The proposal, called the Bay Delta Conservation Plan, has as its two main goals to reliably transport more water to San Joaquin farms and Southern California cities and to restore the fisheries and ecology of the Delta. It will do neither. It ignores numerous plans that have been put forth which will solve the Delta’s purported “crisis” with less costs to ratepayers and the general public and with more ecological certainty.
Here are the issues pointed out in the Environmental Water Caucus’ letter:
· It relies on an economic analysis that has illusionary benefits to justify the $25B cost of the project and its expensive tunnels.
· There is a virtual certainty that the costs of a project this size will be exceeded, and that the ratepayers and the general public will be stuck with the cost overruns.
· The $20B of direct project bond interest costs are not included in any cost estimates reported in public documents, as pointed out by a key state watchdog agency.
· There are earthquake protection alternatives which would cost $10B less than the planned project tunnel alternative.
· The project science is biased and has been “cherry picked” to support the tunnels solution, as pointed out by state and federal fishery agencies.
· Delta habitat restoration proposals are being used that are scientifically questionable as fish recovery actions and are being used in place of increased flows of water through the Delta, which would have more certainty of success for fish and habitat.
· It is a plan that intends to export more water through the Delta at the same time that existing legal water claims and forecasted climate change-caused water supply reductions will not provide the water.
· There are no improvements to the existing fish screening facilities in the South Delta, which are notorious fish killers, and which will continue to be utilized under the current proposal.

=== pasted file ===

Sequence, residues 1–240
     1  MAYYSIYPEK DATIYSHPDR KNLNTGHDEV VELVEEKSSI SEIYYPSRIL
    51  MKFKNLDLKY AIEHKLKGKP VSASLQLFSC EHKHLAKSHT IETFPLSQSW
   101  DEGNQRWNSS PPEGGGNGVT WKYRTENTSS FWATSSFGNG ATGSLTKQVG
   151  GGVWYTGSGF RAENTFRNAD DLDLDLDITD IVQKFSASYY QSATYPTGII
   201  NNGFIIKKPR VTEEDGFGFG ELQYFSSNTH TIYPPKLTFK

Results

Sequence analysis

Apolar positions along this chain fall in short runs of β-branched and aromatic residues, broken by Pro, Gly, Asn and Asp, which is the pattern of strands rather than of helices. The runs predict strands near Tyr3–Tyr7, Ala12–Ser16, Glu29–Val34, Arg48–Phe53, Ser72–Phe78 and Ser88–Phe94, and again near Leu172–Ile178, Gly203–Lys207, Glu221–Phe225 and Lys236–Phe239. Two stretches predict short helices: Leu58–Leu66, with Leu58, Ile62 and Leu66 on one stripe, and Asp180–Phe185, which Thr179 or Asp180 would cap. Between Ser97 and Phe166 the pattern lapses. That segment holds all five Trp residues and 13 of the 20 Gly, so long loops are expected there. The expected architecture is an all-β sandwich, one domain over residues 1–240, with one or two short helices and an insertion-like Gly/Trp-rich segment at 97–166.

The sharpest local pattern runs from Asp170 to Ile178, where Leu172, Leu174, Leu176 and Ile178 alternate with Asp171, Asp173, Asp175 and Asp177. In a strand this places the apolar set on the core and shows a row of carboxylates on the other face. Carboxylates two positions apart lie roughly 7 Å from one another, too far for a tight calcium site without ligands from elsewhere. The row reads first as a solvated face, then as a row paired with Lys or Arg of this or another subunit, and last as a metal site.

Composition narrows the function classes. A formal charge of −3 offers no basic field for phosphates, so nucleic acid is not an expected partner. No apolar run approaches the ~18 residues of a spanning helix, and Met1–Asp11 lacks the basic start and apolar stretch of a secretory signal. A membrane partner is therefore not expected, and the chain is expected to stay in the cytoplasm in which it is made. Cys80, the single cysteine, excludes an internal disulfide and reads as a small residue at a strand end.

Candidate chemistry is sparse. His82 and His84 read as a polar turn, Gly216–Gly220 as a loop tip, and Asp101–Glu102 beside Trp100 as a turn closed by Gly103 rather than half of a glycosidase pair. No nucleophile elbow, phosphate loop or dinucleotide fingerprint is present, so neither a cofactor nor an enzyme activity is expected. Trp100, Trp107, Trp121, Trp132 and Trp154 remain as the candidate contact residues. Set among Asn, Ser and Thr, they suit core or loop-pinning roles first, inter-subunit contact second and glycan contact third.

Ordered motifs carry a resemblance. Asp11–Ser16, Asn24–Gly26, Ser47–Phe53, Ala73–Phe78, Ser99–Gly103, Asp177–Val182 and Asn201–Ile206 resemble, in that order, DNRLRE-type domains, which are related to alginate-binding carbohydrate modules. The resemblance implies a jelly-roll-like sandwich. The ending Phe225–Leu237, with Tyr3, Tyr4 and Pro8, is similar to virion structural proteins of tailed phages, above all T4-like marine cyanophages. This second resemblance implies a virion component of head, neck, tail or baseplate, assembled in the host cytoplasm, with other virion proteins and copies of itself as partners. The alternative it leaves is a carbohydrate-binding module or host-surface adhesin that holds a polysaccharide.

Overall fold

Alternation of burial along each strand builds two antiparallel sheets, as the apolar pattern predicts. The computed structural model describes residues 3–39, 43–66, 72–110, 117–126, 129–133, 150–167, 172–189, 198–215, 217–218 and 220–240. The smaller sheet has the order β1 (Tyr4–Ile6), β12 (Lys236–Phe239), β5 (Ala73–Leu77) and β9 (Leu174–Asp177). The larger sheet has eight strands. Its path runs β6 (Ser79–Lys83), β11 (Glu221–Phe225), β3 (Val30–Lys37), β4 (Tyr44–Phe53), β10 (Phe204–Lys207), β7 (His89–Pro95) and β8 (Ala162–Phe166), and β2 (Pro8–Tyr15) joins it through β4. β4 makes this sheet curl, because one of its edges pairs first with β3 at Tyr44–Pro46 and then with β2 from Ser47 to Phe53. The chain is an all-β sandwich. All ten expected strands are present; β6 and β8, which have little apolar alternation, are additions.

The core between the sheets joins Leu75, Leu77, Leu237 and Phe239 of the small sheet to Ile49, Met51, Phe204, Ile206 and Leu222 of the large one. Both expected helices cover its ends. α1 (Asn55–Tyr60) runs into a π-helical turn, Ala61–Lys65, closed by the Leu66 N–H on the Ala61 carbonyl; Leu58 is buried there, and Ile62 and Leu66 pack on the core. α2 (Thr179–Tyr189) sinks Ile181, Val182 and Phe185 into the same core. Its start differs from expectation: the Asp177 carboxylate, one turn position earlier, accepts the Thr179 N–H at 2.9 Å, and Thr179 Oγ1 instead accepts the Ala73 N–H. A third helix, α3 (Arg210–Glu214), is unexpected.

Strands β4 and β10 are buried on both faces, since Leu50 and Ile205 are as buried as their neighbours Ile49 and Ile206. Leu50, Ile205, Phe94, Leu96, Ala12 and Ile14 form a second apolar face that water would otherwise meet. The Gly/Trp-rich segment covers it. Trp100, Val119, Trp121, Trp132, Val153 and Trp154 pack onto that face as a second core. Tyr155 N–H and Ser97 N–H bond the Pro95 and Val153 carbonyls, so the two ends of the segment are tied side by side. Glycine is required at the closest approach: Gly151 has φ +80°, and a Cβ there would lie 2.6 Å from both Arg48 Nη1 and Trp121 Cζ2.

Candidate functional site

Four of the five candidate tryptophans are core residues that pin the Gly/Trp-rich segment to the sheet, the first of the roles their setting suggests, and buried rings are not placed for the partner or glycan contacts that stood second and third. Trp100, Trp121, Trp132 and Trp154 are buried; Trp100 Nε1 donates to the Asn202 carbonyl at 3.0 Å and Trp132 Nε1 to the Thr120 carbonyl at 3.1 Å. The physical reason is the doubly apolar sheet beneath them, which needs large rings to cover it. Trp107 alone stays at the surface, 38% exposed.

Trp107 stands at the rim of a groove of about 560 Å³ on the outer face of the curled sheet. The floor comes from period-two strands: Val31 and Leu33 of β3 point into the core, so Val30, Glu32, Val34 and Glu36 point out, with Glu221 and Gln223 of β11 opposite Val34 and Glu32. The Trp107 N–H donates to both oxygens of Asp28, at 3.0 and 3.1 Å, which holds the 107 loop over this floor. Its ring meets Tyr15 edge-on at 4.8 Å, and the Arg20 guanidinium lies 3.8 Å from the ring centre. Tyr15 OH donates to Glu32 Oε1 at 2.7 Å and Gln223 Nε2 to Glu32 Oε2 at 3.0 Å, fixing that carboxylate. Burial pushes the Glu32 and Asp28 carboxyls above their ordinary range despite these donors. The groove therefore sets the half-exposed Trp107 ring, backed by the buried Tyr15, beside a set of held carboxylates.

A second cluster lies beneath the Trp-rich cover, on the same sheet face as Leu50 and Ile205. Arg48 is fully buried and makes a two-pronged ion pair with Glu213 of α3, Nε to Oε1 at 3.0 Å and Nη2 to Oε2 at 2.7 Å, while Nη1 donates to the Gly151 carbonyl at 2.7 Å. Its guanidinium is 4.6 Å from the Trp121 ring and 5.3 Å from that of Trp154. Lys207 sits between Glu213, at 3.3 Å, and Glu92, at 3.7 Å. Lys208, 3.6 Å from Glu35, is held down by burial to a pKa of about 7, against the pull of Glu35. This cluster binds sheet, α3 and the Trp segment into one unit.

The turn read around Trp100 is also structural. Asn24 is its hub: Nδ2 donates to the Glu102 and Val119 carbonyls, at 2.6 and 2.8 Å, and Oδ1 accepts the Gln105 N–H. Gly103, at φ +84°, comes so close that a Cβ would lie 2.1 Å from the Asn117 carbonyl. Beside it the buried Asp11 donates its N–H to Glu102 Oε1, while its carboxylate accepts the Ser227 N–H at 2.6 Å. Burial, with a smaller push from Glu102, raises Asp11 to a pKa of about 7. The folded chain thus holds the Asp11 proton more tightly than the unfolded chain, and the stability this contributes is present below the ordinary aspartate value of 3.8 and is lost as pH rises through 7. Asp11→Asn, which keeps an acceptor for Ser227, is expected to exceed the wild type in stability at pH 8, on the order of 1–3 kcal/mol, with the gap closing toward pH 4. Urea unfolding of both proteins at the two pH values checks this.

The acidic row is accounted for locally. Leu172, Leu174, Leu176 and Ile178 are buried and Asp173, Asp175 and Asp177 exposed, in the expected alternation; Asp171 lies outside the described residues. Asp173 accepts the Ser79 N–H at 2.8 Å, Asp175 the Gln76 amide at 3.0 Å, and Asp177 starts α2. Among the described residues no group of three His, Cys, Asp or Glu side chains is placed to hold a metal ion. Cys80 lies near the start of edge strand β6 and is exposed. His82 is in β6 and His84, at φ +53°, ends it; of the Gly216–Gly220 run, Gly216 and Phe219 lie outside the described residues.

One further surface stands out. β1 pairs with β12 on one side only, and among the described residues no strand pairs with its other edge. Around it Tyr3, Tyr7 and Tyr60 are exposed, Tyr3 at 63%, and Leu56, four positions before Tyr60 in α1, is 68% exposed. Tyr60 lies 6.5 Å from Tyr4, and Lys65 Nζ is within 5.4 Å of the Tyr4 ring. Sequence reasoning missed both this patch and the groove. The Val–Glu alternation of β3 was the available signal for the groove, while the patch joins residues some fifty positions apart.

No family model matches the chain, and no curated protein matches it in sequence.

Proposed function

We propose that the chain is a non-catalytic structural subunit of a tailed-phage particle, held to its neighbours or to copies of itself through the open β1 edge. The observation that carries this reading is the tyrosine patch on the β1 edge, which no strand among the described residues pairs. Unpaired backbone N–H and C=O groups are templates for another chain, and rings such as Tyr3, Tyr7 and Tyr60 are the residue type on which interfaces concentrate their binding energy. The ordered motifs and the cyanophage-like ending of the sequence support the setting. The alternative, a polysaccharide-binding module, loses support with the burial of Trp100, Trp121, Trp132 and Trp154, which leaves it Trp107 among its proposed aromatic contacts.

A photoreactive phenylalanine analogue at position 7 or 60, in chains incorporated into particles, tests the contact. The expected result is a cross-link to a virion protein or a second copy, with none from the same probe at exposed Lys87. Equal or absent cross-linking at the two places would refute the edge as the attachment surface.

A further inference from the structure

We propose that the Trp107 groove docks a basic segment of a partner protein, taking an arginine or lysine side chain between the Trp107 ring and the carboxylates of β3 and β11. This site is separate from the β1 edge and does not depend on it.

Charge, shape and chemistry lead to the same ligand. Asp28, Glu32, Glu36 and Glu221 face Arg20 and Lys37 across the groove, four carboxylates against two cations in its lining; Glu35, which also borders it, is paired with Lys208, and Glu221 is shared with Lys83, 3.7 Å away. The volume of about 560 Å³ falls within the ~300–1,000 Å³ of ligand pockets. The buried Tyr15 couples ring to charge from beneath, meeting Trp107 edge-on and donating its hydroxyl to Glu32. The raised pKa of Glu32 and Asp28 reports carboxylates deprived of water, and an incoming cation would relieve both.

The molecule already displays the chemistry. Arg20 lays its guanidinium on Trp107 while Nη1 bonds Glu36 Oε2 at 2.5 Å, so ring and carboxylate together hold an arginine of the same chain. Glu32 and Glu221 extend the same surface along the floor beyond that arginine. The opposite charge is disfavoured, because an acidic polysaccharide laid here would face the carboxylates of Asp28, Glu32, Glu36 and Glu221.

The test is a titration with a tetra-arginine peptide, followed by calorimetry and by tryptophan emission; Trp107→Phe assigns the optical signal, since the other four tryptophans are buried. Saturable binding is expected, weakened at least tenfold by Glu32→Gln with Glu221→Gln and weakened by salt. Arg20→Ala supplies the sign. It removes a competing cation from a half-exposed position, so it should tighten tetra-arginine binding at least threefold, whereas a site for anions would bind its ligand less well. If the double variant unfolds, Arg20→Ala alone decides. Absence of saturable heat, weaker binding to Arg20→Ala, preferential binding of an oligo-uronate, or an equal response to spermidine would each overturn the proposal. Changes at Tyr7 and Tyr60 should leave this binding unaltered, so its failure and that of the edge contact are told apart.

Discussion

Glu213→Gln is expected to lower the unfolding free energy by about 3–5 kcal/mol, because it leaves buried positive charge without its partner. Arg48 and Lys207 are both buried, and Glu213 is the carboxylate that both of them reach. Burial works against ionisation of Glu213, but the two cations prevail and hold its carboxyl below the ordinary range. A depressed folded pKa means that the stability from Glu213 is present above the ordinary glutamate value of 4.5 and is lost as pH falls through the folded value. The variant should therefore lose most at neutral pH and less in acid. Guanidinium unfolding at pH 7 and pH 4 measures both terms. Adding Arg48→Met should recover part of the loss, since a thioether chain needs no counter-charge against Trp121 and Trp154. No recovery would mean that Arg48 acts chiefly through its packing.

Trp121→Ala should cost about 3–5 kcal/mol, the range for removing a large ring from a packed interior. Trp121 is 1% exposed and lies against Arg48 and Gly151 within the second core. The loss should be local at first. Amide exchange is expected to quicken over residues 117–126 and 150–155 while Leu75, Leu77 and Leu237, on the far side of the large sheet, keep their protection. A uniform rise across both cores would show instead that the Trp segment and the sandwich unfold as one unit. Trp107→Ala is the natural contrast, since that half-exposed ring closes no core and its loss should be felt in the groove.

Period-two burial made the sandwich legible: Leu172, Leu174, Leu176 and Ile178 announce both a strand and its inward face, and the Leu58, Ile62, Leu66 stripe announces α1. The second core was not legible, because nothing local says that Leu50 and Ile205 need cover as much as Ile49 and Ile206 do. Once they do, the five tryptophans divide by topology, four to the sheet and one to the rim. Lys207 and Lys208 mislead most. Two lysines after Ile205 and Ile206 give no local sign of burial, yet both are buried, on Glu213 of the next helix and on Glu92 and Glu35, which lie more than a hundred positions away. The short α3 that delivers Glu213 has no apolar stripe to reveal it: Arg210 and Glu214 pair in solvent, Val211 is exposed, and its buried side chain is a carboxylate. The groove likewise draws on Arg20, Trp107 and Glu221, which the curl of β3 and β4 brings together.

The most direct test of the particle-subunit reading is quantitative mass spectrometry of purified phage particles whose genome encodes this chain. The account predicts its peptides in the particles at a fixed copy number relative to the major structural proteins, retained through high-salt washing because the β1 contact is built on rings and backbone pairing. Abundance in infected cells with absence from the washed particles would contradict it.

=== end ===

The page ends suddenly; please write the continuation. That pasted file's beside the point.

· The recovery of threatened or endangered fish species and restoration of damaged habitats in the Delta do not require the construction of the tunnels. In fact the tunnels will be particularly disruptive to the Delta habitats, including the nesting territory of iconic Sandhill Cranes.
Clearly, the current BDCP proposal is unnecessary and will have severe environmental consequences. It will not accomplish the claimed biological and species recovery objectives and would be a costly mistake if implemented. The current BDCP project should be reoriented to reduce exports, increase outflows, and implement the necessary structural changes that will accomplish the goals of Delta recovery, improve water supply reliability, and reduce reliance on the Delta.
The cumulative impact of the above critical flaws, contradictions, and omissions leave no choice for the public but to strongly oppose the current Bay Delta Conservation Plan.
Nick Di Croce, Environmental Water Caucus
troutnk [at] aol.com, 805-688-7813
Conner Everts, Southern California Watershed Alliance
connere [at] west.net, 310-829-1229
Barbara Barrigan-Parrilla, Restore the Delta
barbara [at] restorethedelta.org, 209-479-2053
Adam Scow, Food & Water Watch
ascow [at] fwwatch.org, 415-293-9915
The Environmental Water Caucus includes the following groups:
Butte Environmental Council
California Save Our Streams
California Rural Legal
California Striped Bass
California Water Impact
Center for Biological
Clean Water Action
Citizens Water Watch
Desal Response Group
Endangered Species Coalition
Coalition for Water
Earth Law Center
Fish Sniffer Magazine
Food & Water Watch
Friends of the River
Institute for Fisheries
The Karuk Tribe
Lower Sherman Is. Duck
Northern California Council,
Federation of Fly Fishers
Pacific Coast Federation of
Planning & Conservation
Restore the Delta
Santa Clarita Organization
for Planning & Environment
Sierra Club California
Sierra Nevada Alliance
Winnemem Wintu Tribe